India stuck in low consumption, low investment phase: Ind-Ra

India GDP projections by Ind-Ra for 2020-21

India Ratings, a unit of Fitch Group, has predicted that India’s GDP growth will not return to the 6% or 7% rate in the next financial year due to structural problems, but will show a slight improvement over the current year.

The current year, which will end on March 31, is likely to see a GDP growth of 5%, while the next year, it will improve slightly to 5.5%, India Ratings said.

“..the Indian economy is stuck in a phase of low consumption as well as low investment demand,” the ratings agency said.

From 6.8% for the year ended March 2019, the current year is likely to see GDP growth fall to 5%, going by the numbers so far.

India’s historical GDP growth rates

India Ratings identified the following three factors as contributing to the slowdown in the current year.

“An abrupt and significant fall in lending by non-banking financial companies close on the heels of a slowdown in bank lending, reduced income growth of households coupled with a fall in savings and higher leverage, and inability of the dispute resolution/judicial systems to quickly unlock the stuck capital.”

“Although some improvement in FY21 is expected, these risks are going to persist,” it added.

The government has announced a slew of measures recently to prop-up the economy, but Ind-Ra said it believes they will come to aid only in the medium term.

Therefore, it said, it is looking to the forthcoming union budget to unveil some more reforms.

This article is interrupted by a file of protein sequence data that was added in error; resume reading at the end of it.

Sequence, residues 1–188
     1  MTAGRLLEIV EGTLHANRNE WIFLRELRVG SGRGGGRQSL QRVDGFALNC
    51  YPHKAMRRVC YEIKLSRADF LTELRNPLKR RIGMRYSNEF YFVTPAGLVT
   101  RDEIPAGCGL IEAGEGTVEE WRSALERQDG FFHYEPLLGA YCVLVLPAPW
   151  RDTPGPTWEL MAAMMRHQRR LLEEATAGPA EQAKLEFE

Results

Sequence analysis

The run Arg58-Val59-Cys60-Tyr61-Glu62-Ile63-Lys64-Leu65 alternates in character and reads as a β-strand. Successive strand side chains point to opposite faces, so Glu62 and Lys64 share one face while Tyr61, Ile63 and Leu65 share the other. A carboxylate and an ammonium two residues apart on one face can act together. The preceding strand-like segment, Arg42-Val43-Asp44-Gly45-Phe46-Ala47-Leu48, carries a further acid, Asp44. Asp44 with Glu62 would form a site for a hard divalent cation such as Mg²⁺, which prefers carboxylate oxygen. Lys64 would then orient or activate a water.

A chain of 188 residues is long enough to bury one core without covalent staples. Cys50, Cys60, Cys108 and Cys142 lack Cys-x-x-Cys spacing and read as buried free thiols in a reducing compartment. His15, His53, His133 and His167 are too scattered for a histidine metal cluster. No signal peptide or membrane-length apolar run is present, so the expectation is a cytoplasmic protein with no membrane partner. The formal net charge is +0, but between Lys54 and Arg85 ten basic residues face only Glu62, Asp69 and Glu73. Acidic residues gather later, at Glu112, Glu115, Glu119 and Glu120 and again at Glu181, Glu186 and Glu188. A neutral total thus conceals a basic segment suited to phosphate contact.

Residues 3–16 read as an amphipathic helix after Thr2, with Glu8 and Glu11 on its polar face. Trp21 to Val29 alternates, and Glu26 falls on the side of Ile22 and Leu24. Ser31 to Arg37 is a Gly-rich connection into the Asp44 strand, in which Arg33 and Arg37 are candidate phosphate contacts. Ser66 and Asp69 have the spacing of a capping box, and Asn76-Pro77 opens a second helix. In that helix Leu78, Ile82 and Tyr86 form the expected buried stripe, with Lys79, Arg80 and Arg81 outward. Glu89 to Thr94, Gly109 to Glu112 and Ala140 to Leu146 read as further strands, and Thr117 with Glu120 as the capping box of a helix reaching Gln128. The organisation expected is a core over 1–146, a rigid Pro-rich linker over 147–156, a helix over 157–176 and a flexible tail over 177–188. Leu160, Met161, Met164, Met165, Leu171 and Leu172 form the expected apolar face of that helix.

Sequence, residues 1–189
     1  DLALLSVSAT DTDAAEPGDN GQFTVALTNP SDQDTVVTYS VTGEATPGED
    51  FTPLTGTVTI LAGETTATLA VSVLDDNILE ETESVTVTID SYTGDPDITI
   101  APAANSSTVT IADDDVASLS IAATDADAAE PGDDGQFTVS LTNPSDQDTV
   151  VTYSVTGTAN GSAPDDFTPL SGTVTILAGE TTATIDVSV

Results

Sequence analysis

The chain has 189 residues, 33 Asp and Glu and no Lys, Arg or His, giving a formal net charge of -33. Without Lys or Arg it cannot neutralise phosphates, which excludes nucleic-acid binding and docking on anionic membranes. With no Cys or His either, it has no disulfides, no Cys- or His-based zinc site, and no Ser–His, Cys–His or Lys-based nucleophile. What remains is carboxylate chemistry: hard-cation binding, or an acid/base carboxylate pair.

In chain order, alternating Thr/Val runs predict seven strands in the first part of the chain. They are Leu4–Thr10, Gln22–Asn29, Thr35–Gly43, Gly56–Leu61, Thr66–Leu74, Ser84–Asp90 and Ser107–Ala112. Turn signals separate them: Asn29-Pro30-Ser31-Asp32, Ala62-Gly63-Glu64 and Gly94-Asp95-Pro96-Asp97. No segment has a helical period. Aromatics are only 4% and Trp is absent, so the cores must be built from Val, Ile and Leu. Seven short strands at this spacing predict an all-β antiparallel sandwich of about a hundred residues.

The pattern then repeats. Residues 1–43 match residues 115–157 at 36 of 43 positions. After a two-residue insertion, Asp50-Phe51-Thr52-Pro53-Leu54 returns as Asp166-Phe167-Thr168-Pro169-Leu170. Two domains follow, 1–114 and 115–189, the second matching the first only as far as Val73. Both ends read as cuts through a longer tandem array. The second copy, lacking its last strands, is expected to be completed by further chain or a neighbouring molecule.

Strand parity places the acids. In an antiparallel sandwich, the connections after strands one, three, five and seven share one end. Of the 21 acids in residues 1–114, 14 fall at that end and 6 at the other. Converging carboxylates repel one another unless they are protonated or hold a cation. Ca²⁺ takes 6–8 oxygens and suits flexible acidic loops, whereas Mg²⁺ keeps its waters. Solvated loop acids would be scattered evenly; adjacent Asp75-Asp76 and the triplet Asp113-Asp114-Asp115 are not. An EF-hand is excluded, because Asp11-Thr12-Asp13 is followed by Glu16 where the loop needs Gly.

“Ind-Ra believes the government will have to construct the FY21 budget in a way that expenditure is rationalised and prioritised and all avenues of revenue generation are tapped.”

While the government has cut taxes for companies as a part of its stimulus efforts, India Ratings said it has to focus on putting money in the hands of the man on the street.

“..the focus of expenditure has to be on creating direct employment and putting more money in the pockets of the people at the bottom of the pyramid. Since their marginal propensity to consume is close to one, they are likely to spend what they receive.

“This will support the consumption demand. Therefore, budgetary allocation to heads such as rural infrastructure, road construction, affordable housing and MNREGA must be prioritised and allocation for non-merit subsidy/expenditure less critical for growth be rationalised,” it said.

Meanwhile, Ind-Ra expects fiscal deficit — the shortfall between the government’s tax revenue and its expenditure — to rise to 3.6% of GDP against the target of 3.3% in the current year, even after accounting for the surplus transferred by the RBI.

It also predicted the rupee to fall to an average of 73 to the dollar in the next year due to various pressures, including continued poor performance on the external trade front.

Exports will continue to be under pressure due to the trade friction and protectionist policy pursued by many developed economies, the ratings agency said, predicting a 2% decline in exports in the current year.

“With some breakthrough in the US-China trade talks, Ind-Ra expects external environment to improve somewhat in FY21. This is likely to help India’s exports of goods and services to grow by 7.2% and the current account deficit to decline marginally to USD32.7 billion, 1.1% of GDP in FY21,” it added, projecting a current account deficit of $33.9 billion for the current year.